He could, for example, give himself a bigger, more luxurious (but unneeded) office, a higher (but unneeded) salary, a company jet (also unneeded), season tickets to Shady Valley Primadonnas baseball team (clearly unneeded) and other (unneeded) amenities that are NOT needed to profitably produce Stuffed Amigos. These improve William’s personal welfare, but at the expense of corporate profit. Pursuit of Social Welfare The people who make decisions for firms also have social consciences. Part of their likes and dislikes might be related to the overall state of society.

As such, they might use the firm to pursue social welfare, which could enhance or prevent the firm’s profit maximization. How might William J. Wackowski’s pursuit of social welfare enhance or prevent profit maximization of The Wacky Willy Company? Suppose that William wants a cleaner environment. As such, he might implement more costly environmentally “friendly” production techniques and materials. He does his part to “clean the environment,” but at the expense of company profit. Then again, Mr. Wackowski might feel that government environmental quality regulations restrict capital investment and economic growth.

As such, William might have The Wacky Willy Company use part of its advertising budget to promote this view point. He might even use company revenue to set up the Wackowski Foundation for Policy Studies that is both a scientific think tank and a special interest lobbying organization with the goal of reducing environmental quality regulations. While the pursuit of social welfare is likely to reduce company profit, it could have the opposite effect as well. Such activities could give The Wacky Willy Company a likeable public image that motivates people to buy more Stuffed Amigos than they would otherwise.

In fact, some firms use the pursuit of social welfare as one aspect of their overall advertising efforts. They enhance their public image at the same time they do something “good” for society. Natural Selection Whichever objective a firm pursues on a day-to-day basis, the notion of natural selection suggests that successful firms intentionally or unintentionally maximize profit. That is, the firms best suited to the economic environment, and thus generate the most profit, are the ones that tend to survive.

The natural selection of business firms is an adaptation of the biological process of natural selection, in which biological entities best suited to the natural environment are the ones that survive. The concept of economic natural selection means that those firms that generate the greatest profit are the ones that avoid bankruptcy and survive to produce another day. While firms might pursue sales maximization, personal welfare, or social welfare, only those firms that also maximize profit remain in business. 2) The following  is from chapter one in the text  Financial Management and Policy, by James C.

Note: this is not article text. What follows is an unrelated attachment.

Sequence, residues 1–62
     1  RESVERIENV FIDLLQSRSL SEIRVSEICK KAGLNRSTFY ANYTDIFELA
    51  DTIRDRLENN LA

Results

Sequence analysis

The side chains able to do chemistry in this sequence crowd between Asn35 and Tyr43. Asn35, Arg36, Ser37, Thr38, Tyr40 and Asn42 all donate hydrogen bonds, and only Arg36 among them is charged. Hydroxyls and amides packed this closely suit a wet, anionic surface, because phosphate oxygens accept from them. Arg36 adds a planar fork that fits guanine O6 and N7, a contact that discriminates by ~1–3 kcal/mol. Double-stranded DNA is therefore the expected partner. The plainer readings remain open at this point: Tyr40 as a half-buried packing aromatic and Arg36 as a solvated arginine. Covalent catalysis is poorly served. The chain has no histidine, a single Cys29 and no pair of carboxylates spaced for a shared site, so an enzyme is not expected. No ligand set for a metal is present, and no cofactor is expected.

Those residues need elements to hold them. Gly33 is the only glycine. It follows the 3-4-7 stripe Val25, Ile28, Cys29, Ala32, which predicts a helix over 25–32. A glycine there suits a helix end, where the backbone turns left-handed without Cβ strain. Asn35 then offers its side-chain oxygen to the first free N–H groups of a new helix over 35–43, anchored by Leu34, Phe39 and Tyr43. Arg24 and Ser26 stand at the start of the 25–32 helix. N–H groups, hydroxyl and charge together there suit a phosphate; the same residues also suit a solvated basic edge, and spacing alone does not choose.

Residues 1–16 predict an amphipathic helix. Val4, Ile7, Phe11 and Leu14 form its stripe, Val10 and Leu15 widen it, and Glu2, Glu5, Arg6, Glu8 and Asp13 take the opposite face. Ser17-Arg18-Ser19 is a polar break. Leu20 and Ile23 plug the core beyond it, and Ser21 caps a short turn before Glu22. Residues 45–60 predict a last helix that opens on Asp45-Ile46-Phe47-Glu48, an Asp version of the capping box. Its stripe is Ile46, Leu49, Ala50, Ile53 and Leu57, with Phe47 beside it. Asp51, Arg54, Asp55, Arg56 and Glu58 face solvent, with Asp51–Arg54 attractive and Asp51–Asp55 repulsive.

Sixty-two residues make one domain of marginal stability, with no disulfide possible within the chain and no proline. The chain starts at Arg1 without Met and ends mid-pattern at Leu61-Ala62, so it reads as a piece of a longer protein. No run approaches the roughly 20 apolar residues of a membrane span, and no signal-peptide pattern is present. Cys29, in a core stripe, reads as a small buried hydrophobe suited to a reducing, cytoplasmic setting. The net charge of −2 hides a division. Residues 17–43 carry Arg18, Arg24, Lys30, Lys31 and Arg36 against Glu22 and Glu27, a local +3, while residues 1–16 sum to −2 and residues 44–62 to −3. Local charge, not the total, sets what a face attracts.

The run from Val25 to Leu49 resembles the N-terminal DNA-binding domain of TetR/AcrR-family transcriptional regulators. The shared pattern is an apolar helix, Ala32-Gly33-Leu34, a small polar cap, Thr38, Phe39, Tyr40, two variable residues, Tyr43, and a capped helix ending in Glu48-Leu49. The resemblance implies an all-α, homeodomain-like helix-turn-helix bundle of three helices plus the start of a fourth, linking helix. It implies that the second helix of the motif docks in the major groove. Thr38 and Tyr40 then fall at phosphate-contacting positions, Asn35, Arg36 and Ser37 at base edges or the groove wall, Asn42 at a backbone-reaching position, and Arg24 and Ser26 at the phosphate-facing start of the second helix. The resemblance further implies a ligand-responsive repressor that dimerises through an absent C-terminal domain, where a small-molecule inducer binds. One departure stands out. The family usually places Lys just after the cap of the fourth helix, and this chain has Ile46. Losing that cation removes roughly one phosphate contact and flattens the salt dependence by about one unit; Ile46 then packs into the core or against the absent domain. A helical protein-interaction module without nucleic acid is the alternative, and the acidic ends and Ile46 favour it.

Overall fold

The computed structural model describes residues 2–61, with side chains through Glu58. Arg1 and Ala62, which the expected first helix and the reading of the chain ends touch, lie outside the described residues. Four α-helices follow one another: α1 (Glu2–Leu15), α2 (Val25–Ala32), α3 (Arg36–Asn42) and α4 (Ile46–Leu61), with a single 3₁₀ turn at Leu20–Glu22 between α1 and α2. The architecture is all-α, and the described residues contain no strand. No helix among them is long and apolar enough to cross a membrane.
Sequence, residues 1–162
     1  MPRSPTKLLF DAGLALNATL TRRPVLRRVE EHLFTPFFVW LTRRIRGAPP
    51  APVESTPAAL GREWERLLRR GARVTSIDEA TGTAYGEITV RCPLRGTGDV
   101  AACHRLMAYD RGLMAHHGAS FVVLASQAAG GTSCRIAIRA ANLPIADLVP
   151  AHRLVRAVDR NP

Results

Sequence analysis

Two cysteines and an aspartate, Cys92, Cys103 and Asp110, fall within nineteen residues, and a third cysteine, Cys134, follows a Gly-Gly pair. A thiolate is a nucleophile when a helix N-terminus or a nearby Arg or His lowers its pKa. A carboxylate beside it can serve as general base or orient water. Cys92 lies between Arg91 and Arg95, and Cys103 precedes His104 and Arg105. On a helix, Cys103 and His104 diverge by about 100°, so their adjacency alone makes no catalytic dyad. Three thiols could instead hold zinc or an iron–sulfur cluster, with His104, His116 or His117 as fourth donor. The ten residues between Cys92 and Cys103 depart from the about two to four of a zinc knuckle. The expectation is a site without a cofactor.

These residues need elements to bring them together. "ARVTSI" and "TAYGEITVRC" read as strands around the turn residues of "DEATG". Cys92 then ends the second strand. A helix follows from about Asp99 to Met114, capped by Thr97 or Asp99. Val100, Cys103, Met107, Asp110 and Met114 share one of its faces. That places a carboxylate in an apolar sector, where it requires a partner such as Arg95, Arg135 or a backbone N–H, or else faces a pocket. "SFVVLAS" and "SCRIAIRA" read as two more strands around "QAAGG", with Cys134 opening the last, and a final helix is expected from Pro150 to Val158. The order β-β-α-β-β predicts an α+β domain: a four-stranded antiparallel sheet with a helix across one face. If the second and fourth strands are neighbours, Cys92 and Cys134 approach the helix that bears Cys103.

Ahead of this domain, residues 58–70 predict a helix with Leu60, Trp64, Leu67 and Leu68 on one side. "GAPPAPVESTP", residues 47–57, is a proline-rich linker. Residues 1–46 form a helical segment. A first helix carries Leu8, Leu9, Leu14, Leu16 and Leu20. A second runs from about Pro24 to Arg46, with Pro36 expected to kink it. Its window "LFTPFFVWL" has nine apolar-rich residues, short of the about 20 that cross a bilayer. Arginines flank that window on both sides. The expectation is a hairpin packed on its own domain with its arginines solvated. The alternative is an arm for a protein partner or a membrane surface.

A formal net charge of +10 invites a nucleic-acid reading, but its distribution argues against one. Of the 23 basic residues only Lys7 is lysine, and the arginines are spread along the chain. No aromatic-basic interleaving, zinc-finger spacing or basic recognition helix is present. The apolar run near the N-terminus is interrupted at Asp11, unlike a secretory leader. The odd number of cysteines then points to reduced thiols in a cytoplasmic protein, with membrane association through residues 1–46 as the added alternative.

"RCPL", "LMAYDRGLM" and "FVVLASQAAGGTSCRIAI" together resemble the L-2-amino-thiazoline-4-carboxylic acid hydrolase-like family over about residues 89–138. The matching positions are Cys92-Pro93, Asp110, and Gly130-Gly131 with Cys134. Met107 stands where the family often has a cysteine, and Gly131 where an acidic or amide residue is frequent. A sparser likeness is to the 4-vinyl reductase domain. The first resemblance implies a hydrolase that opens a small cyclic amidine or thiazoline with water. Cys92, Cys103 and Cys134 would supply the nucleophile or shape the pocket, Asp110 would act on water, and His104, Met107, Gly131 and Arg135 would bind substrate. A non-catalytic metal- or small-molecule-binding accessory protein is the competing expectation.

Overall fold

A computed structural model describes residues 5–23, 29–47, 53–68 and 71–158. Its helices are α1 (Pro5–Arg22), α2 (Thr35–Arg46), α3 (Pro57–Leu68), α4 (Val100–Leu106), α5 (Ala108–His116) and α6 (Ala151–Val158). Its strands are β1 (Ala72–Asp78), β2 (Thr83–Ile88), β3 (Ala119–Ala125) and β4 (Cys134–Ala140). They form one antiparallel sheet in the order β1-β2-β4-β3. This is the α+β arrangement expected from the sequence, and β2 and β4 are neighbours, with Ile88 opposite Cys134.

Van Horne, Copyright 1974 by Prentice-Hall. It is classic finance. THE OBJECTIVE OF THE FIRM In this [course], we assume that the objective of the firm is to maximize its value to its shareholders. Value is represented by the market price of the company’s common stock, which, in turn, is a reflection of the firm’s investment, financing, and dividend decisions. Profit Maximization vs. Wealth Maximization Frequently, maximization of profits is regarded as the proper objective of the firm, but it is not as inclusive a goal as that of maximizing shareholder wealth.

For one thing, total profits are not as important as earnings per share. A firm could always raise total profits by issuing stock and using the proceeds to invest in Treasury bills. Even maximization of earnings per share, however, is not a fully appropriate objective, partly because it does not specify the timing or duration of expected returns. Is the investment project that will produce $100,000 return 5 years from now more valuable than the project that will produce annual returns of $15,000 in each of the next 5 years?

An answer to this question depends upon the time value of money to the firm and to investors at the margin. Few existing stockholders would think favorably of a project that promised its first return in 100 years. We must take into account the time pattern of returns in our analysis. Another shortcoming of the objective of maximizing earnings per share is that it does not consider the risk or uncertainty of the prospective earnings stream. Some investment projects are far more risky than others. As a result, the prospective stream of earnings per share would be more uncertain if these projects were undertaken.

In addition, a company will be more or less risky depending upon the amount of debt in relation to equity in its capital structure. This risk is known as financial risk; and it, too, contributes to the uncertainty of the prospective stream of earnings per share. Two companies may have the same expected future earnings per share, but if the earnings stream of one is subject to considerably more uncertainty than the earnings stream of the other, the market price per share of its stock may be less. For the reasons above, an objective of maximizing earnings per share may not be the same as maximizing market price per share.

The market price of a firm’s stock represents the focal judgment of all market participants as to what the value is of the particular firm. It takes into account present and prospective future earnings per share, the timing, duration, and risk of these earnings, and any other factors that bear upon the market price of stock. The market price serves as a performance index or report card of the firm’s progress; it indicates how well management is doing in behalf of its stockholders. Management vs. Stockholders In certain situations the objectives of management may differ from those of the firms stockholders.